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NordicSemiconductor/IOS-nRF-Connect-Device-Manager v0.7-alpha2
A mobile management library for devices supporting nRF Connect Device Manager.
⭐️ 81
🕓 2 years ago
iOS macOS
.package(url: "https://github.com/NordicSemiconductor/IOS-nRF-Connect-Device-Manager.git", from: "v0.7-alpha2")

Platforms License Release Swift Package Manager Compatible

nRF Connect Device Manager

nRF Connect Device Manager library is compatible with McuManager (McuMgr, for short), a management subsystem supported by nRF Connect SDK, Zephyr and Apache Mynewt. It is the recommended protocol for Device Firmware Update(s) on new Nordic-powered devices going forward and should not be confused with the previous protocol, NordicDFU, serviced by the Old DFU Library. McuManager uses the Simple Management Protocol, or SMP, to send and receive message requests from compatible devices. The SMP Transport definition for Bluetooth Low Energy, which this library implements, can be found here.

The library provides a transport agnostic implementation of the McuManager protocol. It contains a default implementation for BLE transport.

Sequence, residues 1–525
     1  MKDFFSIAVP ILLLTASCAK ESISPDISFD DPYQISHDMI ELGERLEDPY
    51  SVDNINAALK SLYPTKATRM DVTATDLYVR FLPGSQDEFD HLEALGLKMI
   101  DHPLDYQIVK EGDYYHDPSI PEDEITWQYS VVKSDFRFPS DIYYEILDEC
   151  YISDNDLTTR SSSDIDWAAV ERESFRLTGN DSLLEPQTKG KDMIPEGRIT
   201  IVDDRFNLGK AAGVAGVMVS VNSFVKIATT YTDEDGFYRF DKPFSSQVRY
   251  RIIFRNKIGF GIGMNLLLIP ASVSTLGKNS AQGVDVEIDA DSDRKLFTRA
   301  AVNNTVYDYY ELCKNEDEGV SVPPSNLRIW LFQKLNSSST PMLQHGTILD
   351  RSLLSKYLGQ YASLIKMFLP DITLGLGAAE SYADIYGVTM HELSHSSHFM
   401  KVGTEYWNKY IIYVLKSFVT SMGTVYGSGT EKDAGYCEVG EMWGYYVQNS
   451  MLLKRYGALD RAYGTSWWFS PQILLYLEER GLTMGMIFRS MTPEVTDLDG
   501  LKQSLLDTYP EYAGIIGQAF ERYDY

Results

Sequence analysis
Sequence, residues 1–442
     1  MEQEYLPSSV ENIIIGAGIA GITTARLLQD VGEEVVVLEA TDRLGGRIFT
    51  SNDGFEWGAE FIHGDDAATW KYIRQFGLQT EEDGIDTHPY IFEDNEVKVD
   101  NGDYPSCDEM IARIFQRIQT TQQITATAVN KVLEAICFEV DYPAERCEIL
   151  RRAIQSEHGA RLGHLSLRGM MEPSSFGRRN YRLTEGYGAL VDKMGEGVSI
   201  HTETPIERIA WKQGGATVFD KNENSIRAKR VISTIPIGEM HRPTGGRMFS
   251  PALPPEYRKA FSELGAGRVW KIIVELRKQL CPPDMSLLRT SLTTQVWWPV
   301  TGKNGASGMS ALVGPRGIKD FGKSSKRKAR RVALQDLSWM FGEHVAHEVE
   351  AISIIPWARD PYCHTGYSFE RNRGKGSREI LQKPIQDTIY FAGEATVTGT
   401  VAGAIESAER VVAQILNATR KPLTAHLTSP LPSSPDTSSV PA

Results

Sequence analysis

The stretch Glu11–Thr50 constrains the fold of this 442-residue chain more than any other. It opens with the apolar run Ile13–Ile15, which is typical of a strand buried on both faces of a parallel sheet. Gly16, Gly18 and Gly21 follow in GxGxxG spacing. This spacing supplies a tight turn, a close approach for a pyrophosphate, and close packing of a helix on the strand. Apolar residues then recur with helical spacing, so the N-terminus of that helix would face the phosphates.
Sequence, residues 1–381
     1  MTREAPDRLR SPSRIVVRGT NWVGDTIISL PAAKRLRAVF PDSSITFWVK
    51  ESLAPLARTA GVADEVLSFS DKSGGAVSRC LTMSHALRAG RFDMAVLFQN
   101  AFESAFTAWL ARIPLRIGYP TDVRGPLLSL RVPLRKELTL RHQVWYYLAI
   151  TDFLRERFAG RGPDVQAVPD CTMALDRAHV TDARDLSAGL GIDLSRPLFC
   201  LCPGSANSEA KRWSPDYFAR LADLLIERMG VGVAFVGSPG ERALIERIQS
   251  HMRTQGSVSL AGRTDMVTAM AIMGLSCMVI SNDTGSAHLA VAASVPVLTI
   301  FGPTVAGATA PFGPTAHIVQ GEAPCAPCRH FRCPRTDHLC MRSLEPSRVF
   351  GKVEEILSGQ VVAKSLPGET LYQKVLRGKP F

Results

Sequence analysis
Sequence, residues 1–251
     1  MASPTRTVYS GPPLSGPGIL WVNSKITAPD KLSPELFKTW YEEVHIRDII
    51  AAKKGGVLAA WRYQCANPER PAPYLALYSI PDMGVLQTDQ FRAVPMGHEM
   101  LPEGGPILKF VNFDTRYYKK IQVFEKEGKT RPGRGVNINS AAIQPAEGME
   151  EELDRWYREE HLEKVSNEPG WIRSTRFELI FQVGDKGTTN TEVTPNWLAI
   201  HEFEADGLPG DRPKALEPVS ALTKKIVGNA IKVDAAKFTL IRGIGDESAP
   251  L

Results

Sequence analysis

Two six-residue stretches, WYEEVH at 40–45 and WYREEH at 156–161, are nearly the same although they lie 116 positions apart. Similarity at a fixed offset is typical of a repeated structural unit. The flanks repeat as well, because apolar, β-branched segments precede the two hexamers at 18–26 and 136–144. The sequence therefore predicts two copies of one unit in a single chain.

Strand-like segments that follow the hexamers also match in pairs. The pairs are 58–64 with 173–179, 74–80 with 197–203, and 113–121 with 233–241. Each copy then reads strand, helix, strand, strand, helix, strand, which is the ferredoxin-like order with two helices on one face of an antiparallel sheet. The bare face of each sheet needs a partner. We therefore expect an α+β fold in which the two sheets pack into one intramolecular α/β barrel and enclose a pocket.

Minimum required iOS version is 9.0, originally released in Fall of 2015.


This repository is a fork of the McuManager iOS Library, which is no longer being supported by its original maintainer. As of 2021, we have taken ownership of the library, so all new features and bug fixes will be added here. Please, migrate your projects to point to this Git repsository in order to get future updates. See migration guide.

Compatible Devices

nRF52 Series nRF53 Series nRF54 Series nRF91 Series

This library is designed to work with the SMP Transport over BLE. It is implemented and maintained by Nordic Semiconductor, but it should work any devices communicating via SMP Protocol. If you encounter an issue communicating with a device using any chip, not just Nordic, please file an Issue.

Library Adoption into an Existing Project (Install)

SPM or Swift Package Manager (Recommended)

In Xcode, open your root Project file. Then, switch to the Package Dependencies Tab, and hit the + button underneath your list of added Packages. A new modal window will pop-up. On the upper-right corner of this new window, there's a search box. Paste the URL for this GitHub project https://github.com/NordicSemiconductor/IOS-nRF-Connect-Device-Manager and the Add Package button should enable.